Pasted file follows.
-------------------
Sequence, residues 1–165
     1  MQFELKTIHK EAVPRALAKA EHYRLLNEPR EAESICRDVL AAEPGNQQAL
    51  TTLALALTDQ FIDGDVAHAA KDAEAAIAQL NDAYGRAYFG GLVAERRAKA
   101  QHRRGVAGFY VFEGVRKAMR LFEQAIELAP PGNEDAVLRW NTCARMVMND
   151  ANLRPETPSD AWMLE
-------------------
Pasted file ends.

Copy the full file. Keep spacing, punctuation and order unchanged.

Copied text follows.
Sequence, residues 1–165
     1  MQFELKTIHK EAVPRALAKA EHYRLLNEPR EAESICRDVL AAEPGNQQAL
    51  TTLALALTDQ FIDGDVAHAA KDAEAAIAQL NDAYGRAYFG GLVAERRAKA
   101  QHRRGVAGFY VFEGVRKAMR LFEQAIELAP PGNEDAVLRW NTCARMVMND
   151  ANLRPETPSD AWMLE